Judgment delivered on 10 September 2019
Central Denmark Region
A awarded compensation for a number of unjustified body searches over a period of 18 months when he was admitted to a forensic psychiatry unit
A was convicted to placement in the forensic psychiatry unit in Viborg from August 2013 to February 2015. During his stay at the hospital, he was searched approx. 40 times after unsupervised visits and unescorted leave. The rules for visits to the hospital unit were set out in house rules and provided that patients could choose between a 30-minute supervised visit without a subsequent body search or a 60-minute unsupervised visit with a subsequent body search.
The main issue in the case was whether A had consented to the searches, and if not, whether there was any justification for performing forced body searches.
The Central Denmark Region had stated that A gave his consent to the searches, and that the conditions in the Danish Mental Health Act in force at the time for performing body searches without consent were also met. A had disputed the claim that he gave his consent to the body searches, also stating that he, if the Supreme Court was to find that he had in fact given his consent, had withdrawn such consent before the body searches were performed. A had also submitted that the conditions in the Danish Mental Health Act in force at the time for performing forced searches were not met, and that the searches were in breach of the European Human Rights Convention. A claimed compensation for the body searches.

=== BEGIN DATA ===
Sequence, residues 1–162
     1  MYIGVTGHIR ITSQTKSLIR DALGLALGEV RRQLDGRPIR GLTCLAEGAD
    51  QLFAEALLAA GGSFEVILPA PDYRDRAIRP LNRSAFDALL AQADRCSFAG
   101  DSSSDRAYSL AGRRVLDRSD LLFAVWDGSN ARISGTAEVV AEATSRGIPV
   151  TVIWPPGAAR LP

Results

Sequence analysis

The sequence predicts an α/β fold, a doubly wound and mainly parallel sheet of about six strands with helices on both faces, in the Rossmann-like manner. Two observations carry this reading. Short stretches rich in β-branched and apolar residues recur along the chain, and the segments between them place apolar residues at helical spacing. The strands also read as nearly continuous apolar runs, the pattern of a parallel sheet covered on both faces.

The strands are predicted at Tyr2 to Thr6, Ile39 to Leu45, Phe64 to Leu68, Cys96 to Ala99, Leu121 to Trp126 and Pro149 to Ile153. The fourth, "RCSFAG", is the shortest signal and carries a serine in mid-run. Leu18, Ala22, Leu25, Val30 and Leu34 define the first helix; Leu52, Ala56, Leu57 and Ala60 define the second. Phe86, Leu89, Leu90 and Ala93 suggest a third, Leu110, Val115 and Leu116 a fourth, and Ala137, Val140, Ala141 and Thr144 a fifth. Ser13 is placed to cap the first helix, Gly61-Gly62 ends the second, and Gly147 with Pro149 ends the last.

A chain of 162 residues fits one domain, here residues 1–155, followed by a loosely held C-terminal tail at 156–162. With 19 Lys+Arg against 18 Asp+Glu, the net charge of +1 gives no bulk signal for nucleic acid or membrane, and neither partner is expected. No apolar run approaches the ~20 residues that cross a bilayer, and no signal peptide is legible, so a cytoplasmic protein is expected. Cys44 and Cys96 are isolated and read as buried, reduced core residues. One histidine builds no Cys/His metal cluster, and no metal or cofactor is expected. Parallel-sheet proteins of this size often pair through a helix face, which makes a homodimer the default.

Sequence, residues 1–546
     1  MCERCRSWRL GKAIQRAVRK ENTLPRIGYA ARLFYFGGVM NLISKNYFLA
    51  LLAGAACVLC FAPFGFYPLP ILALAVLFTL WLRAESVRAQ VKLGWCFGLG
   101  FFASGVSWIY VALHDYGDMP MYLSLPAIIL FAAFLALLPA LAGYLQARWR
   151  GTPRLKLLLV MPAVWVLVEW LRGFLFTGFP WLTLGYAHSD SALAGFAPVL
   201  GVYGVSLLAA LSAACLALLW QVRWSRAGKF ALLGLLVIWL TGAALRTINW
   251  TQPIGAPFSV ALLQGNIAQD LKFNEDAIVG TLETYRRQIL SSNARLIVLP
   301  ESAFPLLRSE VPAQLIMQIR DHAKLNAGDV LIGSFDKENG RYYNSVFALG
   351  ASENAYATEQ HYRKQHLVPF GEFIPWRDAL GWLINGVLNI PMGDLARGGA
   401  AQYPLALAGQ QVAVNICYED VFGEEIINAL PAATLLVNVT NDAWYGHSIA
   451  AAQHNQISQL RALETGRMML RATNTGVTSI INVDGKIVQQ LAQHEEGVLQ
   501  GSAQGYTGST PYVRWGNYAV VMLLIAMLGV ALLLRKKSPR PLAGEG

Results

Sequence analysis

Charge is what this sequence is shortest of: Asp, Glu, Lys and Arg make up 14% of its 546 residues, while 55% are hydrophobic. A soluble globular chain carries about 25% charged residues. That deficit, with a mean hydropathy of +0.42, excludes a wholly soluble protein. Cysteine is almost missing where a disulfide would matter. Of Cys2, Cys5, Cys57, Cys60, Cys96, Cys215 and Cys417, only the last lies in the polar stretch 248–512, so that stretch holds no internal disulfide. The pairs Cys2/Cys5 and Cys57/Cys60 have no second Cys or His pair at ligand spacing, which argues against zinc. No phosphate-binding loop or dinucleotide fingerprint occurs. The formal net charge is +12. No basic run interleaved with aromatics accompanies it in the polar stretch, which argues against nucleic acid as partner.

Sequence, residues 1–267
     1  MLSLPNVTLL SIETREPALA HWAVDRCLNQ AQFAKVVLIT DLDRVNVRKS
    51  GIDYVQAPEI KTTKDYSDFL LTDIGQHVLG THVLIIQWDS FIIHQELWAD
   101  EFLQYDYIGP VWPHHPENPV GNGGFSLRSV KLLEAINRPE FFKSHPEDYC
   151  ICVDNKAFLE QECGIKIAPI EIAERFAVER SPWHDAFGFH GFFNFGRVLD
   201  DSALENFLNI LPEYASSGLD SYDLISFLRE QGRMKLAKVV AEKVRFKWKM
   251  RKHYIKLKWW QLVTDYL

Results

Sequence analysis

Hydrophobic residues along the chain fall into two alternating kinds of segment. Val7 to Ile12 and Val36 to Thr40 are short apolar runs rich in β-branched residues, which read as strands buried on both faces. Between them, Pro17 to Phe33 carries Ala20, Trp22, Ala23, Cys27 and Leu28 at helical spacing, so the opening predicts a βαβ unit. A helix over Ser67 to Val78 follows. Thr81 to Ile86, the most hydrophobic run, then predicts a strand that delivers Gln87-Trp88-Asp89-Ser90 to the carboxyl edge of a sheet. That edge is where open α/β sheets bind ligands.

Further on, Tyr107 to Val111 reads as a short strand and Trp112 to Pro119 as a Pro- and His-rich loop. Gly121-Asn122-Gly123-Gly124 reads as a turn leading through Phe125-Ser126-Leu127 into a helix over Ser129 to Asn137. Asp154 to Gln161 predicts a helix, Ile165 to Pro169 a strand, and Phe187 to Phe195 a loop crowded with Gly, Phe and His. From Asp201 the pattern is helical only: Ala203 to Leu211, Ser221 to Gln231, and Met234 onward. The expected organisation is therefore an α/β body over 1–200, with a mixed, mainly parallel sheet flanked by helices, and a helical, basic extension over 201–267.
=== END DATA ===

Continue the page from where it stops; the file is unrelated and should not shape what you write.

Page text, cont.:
The Supreme Court stated, among other things, that the forensic psychiatry unit’s house rules, including the rules for visits, could not be used as legal basis for the unit’s decision to search patients. Body searches must be performed based on voluntary informed consent or in compliance with Section 19 a of the Danish Mental Health Act. On the evidence, the Supreme Court held that A had at no time given a valid consent for the body searches. The Supreme Court further stated that the searches of A were performed in breach of Section 19 a of the Mental Health Act in force at the time. Accordingly, the Supreme Court held that the body searches, which involved full stripping, standing in humiliating positions and examination of intimate parts of the body, and which were performed systematically and many times over the course of 18 months, constituted degrading treatment of A in breach of the European Human Rights Convention.
The Supreme Court thus ordered the Central Denmark Region to pay compensation of DKK 25,000 to A.
The High Court had reached a different conclusion.